A perfect storm could be brewing for treasuries with lots of cash. Companies have unprecedented amounts of accumulated cash sitting in bank accounts, protected by unlimited Federal Deposit Insurance Corp. coverage if the accounts don’t earn interest. But the Transaction Account Guarantee (TAG) program that provides this safe harbor is set to expire at year-end. Normally the cash could flow into money-market fund (MMF) accounts, treasurers’ favorite alternative to bank balances, but the Securities and Exchange Commission is weighing new regulations for money funds that many treasury executives say would make them toxic. A huge wave of money could be rolling toward an unknown shore. Safety is not threatened, but moving that much cash requires planning.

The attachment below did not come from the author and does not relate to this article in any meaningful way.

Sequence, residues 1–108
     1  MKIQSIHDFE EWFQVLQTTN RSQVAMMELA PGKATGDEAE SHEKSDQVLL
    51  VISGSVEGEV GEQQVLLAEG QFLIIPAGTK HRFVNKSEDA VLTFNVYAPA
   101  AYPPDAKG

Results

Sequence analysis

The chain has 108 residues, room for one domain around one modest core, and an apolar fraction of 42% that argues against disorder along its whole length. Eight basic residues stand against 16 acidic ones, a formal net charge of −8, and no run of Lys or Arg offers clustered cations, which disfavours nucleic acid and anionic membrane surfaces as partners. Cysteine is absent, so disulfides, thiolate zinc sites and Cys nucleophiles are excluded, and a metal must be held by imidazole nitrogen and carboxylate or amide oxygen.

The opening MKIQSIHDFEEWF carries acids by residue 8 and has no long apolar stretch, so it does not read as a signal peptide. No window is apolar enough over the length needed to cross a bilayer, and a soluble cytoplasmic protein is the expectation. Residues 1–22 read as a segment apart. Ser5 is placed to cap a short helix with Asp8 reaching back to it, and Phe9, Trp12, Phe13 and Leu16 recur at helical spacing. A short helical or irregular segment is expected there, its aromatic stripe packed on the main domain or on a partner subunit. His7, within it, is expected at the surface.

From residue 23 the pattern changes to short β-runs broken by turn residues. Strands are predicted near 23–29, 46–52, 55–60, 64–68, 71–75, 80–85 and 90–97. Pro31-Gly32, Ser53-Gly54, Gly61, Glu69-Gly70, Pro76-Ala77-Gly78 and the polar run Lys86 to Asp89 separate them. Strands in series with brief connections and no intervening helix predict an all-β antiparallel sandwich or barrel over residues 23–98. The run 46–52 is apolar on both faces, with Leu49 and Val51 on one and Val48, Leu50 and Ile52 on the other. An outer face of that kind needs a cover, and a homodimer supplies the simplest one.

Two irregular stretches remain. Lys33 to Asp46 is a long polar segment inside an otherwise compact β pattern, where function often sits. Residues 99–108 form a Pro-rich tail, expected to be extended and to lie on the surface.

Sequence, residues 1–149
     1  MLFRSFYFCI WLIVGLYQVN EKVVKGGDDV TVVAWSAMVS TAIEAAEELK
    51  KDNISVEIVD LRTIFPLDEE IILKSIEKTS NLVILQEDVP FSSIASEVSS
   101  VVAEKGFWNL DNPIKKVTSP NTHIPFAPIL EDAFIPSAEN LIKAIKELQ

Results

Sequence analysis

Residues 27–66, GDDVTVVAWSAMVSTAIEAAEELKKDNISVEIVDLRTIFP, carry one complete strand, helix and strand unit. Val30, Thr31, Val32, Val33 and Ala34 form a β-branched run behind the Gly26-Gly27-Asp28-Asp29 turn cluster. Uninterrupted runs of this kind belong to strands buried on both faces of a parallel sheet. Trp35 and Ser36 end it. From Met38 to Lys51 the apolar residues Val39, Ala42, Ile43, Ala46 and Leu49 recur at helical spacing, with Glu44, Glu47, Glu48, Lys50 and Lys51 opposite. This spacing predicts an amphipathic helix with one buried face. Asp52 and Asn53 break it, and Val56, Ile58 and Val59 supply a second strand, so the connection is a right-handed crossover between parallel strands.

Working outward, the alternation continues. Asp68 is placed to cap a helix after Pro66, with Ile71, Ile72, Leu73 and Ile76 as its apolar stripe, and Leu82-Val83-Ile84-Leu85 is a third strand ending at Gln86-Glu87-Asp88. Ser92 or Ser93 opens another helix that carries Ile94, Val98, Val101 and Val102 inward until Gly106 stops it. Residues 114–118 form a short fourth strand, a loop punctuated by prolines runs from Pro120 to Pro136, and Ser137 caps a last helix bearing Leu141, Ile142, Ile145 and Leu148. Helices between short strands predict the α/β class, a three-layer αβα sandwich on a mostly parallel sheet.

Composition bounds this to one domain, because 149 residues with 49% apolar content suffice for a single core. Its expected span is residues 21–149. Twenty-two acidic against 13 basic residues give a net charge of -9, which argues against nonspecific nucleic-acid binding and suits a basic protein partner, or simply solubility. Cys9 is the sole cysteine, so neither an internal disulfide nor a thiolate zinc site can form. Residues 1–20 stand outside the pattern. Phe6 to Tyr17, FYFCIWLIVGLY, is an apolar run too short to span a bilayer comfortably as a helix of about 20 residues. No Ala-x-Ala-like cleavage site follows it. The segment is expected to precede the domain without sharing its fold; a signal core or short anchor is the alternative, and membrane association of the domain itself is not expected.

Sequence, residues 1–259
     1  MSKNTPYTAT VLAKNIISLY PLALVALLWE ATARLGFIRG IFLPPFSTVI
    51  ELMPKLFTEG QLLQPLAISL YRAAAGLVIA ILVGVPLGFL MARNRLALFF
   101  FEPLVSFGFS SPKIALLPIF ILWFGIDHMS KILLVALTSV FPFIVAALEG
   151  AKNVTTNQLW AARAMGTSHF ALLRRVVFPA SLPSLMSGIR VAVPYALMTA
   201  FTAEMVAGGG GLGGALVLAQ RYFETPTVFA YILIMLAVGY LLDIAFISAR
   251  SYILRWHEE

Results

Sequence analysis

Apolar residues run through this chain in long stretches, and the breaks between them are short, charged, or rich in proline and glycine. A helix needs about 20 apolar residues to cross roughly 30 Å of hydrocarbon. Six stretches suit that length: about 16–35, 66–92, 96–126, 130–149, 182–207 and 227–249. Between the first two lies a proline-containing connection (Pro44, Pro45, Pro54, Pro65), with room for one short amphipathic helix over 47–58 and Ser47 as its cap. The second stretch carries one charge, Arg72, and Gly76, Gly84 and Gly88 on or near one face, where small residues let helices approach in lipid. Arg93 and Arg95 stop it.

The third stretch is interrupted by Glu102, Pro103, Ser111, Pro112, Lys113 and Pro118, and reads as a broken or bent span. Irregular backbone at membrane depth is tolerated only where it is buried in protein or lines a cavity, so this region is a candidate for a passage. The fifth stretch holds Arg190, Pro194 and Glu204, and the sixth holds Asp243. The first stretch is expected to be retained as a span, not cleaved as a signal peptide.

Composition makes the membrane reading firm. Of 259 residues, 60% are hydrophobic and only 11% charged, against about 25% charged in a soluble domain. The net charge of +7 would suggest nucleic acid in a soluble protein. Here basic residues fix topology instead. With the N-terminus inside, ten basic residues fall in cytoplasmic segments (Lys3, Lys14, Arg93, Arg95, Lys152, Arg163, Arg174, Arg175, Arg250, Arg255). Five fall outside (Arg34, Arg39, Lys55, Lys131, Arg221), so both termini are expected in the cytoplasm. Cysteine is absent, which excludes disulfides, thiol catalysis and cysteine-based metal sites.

Companies have been building cash reserves since the economic crash and credit freeze, notes Anthony J. Carfang, founding partner of Treasury Strategies, a consultancy that tracks the cash buildup. The total has hit $2.2 trillion, he reports, and it continues to grow by 5% each quarter.
The SEC is also considering requiring funds to hold more capital and placing limits on fund redemptions.
“Any kind of holdback would be a deal killer for our members,” says Brian Kalish, finance practice lead at the Association for Financial Professionals. “Philosophically, they can accept floating NAV, but the accounting could be a huge operations headache. Higher capital requirements for the funds would simply mean lower yields.”